How Are You Managing These Eight Uninsured Risks?

You might or might not acknowledge that risk and insurance are conceptually two different things, but you could be among the large number of people who think that the issue is purely theoretical and rely on insurance as your primary means of managing the risks in your business and in your life generally. If so you need to consider each of these eight categories of uninsured risk and consider how they apply to you. Then think how you are going to manage them.

1. Risks you did not know about. I cannot give examples in this category, because I do not know what it is that you do not know. The only answer is to be well informed about risks. Or talk to someone who is.

2. Things you forgot to insure. You might have forgotten about them or you might have forgotten to pay your premiums. There is an obvious solution. Do it.

3. Results of conscious choices. You might actually have given this some thought and chosen not to insure something. Bravo! This might be because you found you were incurring regular annual claims and that it would be cheaper to meet the cost direct and save premiums, or it might be that you realised that the risk was so small that it was worth taking a chance. Hopefully you could afford the cost if a claim did arise.

4. Excesses and deductibles. These are closely related to the previous category. You might decide the best option is a compromise between insuring and not insuring. It means you pay claims up to a certain amount after which your insurers pay. There are numerous variations on the arrangements but the concept is the same.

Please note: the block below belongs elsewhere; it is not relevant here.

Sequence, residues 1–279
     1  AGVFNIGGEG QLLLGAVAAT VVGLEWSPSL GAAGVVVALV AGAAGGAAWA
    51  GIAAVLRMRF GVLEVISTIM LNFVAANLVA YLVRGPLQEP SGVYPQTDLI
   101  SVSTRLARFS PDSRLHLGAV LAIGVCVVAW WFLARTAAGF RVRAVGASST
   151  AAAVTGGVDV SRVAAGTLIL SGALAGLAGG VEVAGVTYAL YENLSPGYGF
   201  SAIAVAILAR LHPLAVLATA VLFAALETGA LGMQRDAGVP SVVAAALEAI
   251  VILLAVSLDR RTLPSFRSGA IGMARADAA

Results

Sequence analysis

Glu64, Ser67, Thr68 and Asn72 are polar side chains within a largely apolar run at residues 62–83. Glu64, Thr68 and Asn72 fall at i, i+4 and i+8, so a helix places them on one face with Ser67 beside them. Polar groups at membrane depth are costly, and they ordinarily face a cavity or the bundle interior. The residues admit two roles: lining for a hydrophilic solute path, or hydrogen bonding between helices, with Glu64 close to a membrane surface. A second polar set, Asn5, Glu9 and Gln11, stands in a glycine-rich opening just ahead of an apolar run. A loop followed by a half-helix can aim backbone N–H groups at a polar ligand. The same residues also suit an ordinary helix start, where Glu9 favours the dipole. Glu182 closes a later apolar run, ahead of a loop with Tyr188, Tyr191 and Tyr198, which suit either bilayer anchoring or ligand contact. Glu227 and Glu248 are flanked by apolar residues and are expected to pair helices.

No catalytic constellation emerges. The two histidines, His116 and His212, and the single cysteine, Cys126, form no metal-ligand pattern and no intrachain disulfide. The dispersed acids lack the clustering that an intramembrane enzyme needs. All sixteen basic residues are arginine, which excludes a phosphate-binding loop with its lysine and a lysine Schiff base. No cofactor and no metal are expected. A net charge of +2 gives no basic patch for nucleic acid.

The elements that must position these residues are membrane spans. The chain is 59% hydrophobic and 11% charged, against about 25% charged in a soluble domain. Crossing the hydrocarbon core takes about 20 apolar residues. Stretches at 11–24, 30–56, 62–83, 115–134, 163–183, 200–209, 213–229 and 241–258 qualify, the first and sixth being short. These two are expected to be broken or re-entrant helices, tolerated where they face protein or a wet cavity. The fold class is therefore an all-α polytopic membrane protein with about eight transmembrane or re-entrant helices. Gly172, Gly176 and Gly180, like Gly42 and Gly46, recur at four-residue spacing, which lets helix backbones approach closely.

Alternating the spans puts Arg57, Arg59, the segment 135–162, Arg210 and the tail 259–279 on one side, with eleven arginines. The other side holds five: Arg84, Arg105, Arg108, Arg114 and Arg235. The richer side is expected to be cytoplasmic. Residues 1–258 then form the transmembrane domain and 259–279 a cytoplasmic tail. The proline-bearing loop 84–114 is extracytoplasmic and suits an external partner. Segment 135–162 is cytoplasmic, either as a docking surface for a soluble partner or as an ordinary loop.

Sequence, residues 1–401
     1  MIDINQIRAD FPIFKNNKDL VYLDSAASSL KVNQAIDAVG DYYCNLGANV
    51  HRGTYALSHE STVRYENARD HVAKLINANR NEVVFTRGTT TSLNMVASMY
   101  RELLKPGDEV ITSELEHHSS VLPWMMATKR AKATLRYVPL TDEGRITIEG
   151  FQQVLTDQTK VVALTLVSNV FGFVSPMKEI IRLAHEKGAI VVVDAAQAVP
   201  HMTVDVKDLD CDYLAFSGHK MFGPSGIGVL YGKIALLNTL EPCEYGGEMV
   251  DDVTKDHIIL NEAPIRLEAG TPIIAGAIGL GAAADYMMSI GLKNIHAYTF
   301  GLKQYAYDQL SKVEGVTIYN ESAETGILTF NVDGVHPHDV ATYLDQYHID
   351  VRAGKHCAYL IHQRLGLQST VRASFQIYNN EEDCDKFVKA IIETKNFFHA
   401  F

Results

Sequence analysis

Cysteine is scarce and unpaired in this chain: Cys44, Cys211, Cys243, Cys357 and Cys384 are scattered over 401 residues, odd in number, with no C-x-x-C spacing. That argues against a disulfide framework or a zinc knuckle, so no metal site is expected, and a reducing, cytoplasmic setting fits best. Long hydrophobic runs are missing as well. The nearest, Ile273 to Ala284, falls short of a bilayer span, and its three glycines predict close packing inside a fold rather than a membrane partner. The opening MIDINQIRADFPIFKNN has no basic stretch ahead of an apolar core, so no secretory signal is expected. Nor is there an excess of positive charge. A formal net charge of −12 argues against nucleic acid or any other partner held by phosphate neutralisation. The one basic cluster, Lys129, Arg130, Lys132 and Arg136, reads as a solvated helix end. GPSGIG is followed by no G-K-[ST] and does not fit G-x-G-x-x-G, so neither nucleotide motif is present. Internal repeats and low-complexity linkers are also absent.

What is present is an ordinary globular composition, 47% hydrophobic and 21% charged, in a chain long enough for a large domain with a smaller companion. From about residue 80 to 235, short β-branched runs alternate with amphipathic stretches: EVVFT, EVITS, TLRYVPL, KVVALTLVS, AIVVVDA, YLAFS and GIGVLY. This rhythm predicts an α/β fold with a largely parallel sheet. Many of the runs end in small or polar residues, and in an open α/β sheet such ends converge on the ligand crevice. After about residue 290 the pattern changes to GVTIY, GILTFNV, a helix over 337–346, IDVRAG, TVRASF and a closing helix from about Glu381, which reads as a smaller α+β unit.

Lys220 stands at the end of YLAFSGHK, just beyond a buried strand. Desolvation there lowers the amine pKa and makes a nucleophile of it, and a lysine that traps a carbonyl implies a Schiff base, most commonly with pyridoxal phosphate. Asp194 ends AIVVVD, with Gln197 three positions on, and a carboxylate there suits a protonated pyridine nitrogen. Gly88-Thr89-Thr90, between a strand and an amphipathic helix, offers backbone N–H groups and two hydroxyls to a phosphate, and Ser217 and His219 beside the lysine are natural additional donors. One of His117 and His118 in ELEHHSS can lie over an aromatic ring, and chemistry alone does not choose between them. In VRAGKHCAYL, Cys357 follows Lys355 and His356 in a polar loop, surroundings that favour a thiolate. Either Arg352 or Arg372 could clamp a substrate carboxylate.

5. Conceptually uninsurable. Things can go wrong and cost you money for all kinds of reasons that are outside the scope of any insurance policy. These include the results of bad business decisions, bad investments, poor cash-flow management and damage to your reputation. The answer lies in good management. Perhaps some training would be a help, or the use of a consultant.

6. Legally uninsurable. You cannot insure against fines or other penalties for criminal acts, nor against punitive damages. To permit it would be to defeat the purpose of the penalty. Just keep on the right side of the Law.

7. Things you just cannot get anyone to insure. You might find that no insurer will insure you for a particular risk. This is usually because you have had a bad history of claims or you have not got adequate control measures in place to reduce the risk. This could mean a lack of fire precautions, the absence of a Health & Safety Policy, employing people without necessary qualifications for particular jobs or having inadequate physical security. The answer is to talk to your insurers or brokers and address their specific concerns. If you think they are being unreasonable even after you have discussed it with them, perhaps an independent person could help bridge the gap.

8. Things nobody can get anyone to insure. There are times when the Insurance Industry as a whole decides to refuse to cover a certain risk. I remember times when terrorism was uninsurable and when environmental risks were very difficult to insure. Other than lobbying the Government, all you can do is to take steps to minimise the risk in your business and to make money available to meet possible losses. I have found that living in an area full of (former) coalmines makes it virtually impossible to get subsidence insurance. I will try not to do anything to cause subsidence, such as developing my property. Or tunnelling.

So if you think insurance is the answer to managing risks, think again, and review the ways you are dealing with each of the above types of uninsured risk, preferably before it is too late.

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